Measurement of electrical resistance and its dependence on temperature is commonly used for the detection of structural changes and phase transformations in the material. To be able to successfully understand processes, which occur in the material by measuring electrical resistance, basic theoretical knowledge of electrical conductivity is necessary. The electrical conductivity (σ) is the ability of a substance to conduct an electric current and it is the inverse of the resistivity (ρ):1 σ = 1/ρ
The resistivity is a material property, whilst resistance (R) refers only to a specific sample. The relationship between these two quantities is defined as: ρ = (S/l) R, where S stands for cross-section area of the sample and l for its length.
In most materials (e.g. metals), the current is carried by electrons. The resistivity ρ is then defined by the scattering of the electrons due to the imperfections and thermal vibrations. Matthiessen rule says that the total resistivity ρ total can be approximated by adding up several different terms: ρtotal = ρthermal + ρimpurity + ρdeformation, where the components stand for different types of electron scattering: ρthermal – on thermal vibrations, ρimpurity - on impurities, ρdeformation - on deformation-induced defects.
The four-point method is utilized at our department. The circuit scheme of this technique is shown in Fig. 1. Electrical current passes through the two outer probes (1 and 4), while the voltage is measured between the two inner contacts (2 and 3). The wires are welded to respective ends of a sample (Fig. 2)The advantage of this method is that the resistance of connecting leads and their contacts with the sample does not affect the measured resistance. Since the resistance of the voltmeter is much greater than the resistance of the sample, the current which flows through the voltmeter is negligible compared to the flow through the sample. Thus, the resistance of the voltmeter leads and contacts does not play a significant role. Commutated direct current is used to eliminate transient and thermoelectric effects, which arise due to different temperatures on the contacts during voltage measurements and on joints of different materials. The influence of these effects can be eliminated by calculating the average voltage values measured for current flow in both directions.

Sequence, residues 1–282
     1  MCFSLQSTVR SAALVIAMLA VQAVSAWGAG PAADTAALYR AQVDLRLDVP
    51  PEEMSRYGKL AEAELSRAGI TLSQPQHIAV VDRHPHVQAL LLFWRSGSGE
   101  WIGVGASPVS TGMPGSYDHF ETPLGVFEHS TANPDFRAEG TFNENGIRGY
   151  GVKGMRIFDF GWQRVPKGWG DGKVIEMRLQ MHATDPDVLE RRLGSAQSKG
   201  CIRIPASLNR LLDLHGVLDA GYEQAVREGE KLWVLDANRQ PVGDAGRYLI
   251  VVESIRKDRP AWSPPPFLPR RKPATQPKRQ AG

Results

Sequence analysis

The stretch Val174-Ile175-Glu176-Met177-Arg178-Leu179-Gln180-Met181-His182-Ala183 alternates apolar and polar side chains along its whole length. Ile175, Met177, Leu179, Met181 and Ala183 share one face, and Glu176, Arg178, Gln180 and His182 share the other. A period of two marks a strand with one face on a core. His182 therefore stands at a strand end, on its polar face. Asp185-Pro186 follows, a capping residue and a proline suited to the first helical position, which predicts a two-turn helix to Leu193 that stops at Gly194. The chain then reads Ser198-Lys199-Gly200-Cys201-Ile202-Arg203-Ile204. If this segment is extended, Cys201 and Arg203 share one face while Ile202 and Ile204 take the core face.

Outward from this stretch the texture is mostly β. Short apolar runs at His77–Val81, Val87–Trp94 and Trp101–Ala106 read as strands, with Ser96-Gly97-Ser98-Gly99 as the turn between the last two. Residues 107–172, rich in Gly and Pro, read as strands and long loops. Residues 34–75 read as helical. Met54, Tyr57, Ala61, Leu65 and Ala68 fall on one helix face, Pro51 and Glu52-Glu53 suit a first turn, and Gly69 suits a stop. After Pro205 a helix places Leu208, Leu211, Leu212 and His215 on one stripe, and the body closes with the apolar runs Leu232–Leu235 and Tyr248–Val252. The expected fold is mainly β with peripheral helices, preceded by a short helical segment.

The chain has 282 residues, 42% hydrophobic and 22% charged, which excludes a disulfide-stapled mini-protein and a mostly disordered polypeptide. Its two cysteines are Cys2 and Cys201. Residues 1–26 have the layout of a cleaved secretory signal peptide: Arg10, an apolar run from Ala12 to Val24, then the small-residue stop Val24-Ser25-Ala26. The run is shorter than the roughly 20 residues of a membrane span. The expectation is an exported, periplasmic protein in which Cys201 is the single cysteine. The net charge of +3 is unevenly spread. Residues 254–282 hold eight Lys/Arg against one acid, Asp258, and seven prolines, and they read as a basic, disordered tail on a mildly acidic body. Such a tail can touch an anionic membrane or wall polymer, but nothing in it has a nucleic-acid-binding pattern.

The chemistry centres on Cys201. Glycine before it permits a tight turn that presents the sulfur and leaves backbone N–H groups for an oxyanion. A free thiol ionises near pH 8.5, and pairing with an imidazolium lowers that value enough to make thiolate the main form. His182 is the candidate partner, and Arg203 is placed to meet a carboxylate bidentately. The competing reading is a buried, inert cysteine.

Electrical resistance can be measured in two different ways:
Measurement of the residual electrical resistance
The electrical resistance of a sample is measured at the temperature of liquid nitrogen (-197 °C). At this temperature, ρthermal significantly decreases, which allows us to easily recognize changes that occurred in the material in comparison with its initial state. An example of such measurement is presented in Fig. 3. The sample was in this case heated up to temperature shown at the x-axis and subsequently quenched into water and liquid nitrogen.
In-situ measurement of electrical resistance
For the in-situ measurements of electrical resistance, a specially designed furnace is utilized. This furnace allows precise heating of the sample in the protective argon atmosphere up to 900 °C. In-situ measurement allows to exactly determine temperatures, which correspond to processes, which occur in the materials during heating (cooling). The temperature profile is fully controllable, therefore the most suitable one can be used. An example of the result of in-situ measurement of electrical resistance during heating and cooling with the heating rate of 5 °C/min is shown in Fig. 4.
-197 – 900 °C
Up to 50 °C/min
Inert (Ar), vacuum, air
The sample is heated from both sides, therefore flat specimens are preferred. The ideal thickness is bellow 1 mm, maximal length 80 mm and width 50 mm. An example of the sample shape is presented in Fig. 2.
Contact: Mgr. Michal Hájek, Ph.D.